SQL code refactoring – ways to improve database performance (part I) – Encapsulate code as a stored procedure

Database performance is a challenge for every developer and DBA. Even when some improvements are made, there is always a question – is there anything else that can be done.

There might be. Some of the performance improvement techniques are not code related – a proper indexing strategy, adding memory, using different disks for data files, log files, and database backups, using faster disks, optimizing tempdb performance.

Besides these, there are some changes that must be applied to the code. Although code changing sounds like a time-consuming process prone to mistakes, it doesn’t have to be so.

There are a couple of techniques that can be used to wrap up the code better and thus improve the performance, without in-depth analysis and massive code rewriting. Reusing SQL Server execution plans is one of them.

Whenever a SQL statement is executed, SQL Server searches the procedure cache (the part of the memory pool where SQL Server stores execution plans) for the execution plan for the executed SQL statement. If the execution plan already exists, SQL Server will, instead of recompiling the SQL statement, reuse it, thus saving the resources. If the execution plan doesn’t exist, SQL Server will create it and reuse later. Every time a new execution plan is created or the existing is recompiled, query performance is affected.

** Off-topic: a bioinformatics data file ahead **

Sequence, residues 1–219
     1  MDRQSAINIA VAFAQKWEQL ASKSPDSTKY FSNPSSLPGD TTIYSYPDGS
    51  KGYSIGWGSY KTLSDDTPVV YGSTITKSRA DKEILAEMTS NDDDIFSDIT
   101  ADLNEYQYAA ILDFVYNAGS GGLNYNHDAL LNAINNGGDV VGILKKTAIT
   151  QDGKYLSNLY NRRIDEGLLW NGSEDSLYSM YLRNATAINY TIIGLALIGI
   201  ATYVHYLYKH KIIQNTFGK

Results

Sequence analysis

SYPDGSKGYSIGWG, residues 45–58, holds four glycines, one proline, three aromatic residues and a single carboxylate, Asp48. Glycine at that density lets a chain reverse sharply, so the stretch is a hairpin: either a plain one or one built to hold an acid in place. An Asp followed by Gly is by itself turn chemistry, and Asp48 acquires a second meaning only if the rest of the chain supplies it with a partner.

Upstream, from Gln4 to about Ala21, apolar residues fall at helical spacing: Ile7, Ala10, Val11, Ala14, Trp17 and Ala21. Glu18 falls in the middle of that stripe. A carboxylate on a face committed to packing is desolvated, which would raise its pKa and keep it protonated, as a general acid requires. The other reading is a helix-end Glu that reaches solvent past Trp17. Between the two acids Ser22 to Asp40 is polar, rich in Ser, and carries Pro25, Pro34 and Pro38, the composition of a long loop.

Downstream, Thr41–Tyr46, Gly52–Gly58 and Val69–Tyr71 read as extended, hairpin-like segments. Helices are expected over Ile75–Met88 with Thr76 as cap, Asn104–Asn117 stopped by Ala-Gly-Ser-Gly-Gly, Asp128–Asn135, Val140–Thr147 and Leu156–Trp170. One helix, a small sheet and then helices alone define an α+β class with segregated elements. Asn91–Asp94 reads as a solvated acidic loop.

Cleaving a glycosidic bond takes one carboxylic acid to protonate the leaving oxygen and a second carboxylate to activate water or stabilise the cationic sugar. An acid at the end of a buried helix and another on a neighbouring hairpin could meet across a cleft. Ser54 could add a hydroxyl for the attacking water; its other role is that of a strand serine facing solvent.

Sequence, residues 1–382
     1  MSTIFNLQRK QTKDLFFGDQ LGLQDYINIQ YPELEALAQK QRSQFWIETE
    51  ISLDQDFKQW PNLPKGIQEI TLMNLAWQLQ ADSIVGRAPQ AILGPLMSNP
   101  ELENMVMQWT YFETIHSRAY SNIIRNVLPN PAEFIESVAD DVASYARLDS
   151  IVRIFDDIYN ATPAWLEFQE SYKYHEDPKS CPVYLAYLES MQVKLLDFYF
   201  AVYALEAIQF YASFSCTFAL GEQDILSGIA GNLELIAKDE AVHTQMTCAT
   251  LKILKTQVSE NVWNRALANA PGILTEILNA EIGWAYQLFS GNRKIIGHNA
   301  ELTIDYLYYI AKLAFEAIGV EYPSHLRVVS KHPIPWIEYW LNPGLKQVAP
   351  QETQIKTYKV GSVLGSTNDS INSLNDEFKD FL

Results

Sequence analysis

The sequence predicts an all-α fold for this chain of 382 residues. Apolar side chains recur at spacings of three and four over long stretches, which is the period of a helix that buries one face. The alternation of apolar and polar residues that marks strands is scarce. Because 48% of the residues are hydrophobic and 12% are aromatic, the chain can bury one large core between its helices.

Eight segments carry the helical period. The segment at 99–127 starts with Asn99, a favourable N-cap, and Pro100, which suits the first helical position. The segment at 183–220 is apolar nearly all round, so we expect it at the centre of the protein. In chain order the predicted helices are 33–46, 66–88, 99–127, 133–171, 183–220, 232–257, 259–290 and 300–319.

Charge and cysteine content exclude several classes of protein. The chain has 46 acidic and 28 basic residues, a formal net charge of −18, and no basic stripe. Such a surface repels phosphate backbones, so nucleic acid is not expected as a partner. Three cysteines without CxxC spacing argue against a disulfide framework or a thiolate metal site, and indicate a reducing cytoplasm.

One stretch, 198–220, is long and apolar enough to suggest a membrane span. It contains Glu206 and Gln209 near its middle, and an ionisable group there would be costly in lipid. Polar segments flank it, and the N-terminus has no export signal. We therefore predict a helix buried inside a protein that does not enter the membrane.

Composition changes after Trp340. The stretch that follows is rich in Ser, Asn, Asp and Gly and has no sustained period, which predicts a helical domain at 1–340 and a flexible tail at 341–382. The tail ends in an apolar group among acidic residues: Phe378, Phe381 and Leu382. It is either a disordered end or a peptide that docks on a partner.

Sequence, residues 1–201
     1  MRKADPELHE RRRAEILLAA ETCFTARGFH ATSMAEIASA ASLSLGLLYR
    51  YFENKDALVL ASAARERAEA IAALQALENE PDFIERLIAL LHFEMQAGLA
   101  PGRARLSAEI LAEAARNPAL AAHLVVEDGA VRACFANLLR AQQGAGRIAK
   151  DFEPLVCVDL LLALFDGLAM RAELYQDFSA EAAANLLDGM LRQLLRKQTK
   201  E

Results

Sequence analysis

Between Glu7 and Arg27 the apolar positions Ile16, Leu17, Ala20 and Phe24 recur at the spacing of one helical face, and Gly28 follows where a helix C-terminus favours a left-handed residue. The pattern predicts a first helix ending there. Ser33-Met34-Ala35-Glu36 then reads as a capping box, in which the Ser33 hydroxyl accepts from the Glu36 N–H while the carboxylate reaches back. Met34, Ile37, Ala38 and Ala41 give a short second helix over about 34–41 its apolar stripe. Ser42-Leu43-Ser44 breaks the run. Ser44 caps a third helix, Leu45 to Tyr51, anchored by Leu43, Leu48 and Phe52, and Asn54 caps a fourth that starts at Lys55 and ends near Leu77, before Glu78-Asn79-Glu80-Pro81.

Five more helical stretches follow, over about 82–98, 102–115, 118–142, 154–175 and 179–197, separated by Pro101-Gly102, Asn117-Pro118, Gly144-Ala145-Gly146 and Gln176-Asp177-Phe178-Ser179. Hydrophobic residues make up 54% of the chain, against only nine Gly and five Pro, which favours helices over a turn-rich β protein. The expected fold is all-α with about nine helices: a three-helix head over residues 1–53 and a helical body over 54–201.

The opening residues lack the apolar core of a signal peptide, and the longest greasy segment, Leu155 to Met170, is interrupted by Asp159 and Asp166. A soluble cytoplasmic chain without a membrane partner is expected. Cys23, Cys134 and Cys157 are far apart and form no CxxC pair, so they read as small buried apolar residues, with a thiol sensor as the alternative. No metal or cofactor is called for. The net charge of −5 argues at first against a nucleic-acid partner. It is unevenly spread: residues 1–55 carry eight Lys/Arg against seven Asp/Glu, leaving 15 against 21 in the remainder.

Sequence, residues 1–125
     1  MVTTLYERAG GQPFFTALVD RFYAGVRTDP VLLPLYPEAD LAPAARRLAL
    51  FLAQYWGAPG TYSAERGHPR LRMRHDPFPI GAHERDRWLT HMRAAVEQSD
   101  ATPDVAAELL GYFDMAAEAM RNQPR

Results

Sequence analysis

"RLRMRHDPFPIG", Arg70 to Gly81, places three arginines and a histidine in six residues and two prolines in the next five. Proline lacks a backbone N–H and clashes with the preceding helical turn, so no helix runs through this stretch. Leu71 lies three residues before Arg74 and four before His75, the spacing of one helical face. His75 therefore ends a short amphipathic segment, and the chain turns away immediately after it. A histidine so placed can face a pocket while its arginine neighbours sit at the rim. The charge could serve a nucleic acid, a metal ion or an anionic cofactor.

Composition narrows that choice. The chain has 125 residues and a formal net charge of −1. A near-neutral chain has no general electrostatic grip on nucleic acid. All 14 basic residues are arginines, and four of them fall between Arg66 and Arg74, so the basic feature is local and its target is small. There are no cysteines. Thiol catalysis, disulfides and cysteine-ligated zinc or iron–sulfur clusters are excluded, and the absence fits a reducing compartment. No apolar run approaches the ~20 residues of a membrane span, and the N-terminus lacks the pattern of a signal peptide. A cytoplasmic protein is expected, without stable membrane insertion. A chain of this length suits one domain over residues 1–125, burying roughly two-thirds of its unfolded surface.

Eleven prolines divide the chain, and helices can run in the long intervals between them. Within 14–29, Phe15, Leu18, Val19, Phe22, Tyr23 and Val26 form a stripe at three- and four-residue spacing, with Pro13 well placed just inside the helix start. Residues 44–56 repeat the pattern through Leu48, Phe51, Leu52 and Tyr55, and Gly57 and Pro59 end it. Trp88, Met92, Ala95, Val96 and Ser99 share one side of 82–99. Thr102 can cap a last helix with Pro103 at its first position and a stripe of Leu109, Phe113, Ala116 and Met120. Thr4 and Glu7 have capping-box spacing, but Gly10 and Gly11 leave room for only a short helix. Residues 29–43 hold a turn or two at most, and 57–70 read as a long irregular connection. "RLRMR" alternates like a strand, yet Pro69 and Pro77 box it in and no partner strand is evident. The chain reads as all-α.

What can be done to reuse SQL Server execution plans?

  • Make sure that all object references are fully qualified. The algorithms to match new SQL statements to existing execution plans, require that all objects are fully qualified
  • Use parameters instead of constant values. The following two statements will not be matched as the same in an execution plan:

    SELECT production.product.productid 
    FROM   production.product 
    WHERE  productsubcategoryid = 1; 
    
    SELECT production.product.productid 
    FROM   production.product 
    WHERE  productsubcategoryid = 4;

    So, it’s recommended to use the following:

    SELECT production.product.productid 
    FROM   production.product 
    WHERE  productsubcategoryid = @Parm

  • Identify the parts of queries that are most frequently used or take the longest time to run and refactor the SQL code to encapsulate them as stored procedures or functions. This will amp up execution plans reusing, as even an extra space can cause the queries to be declared as different and be recompiled.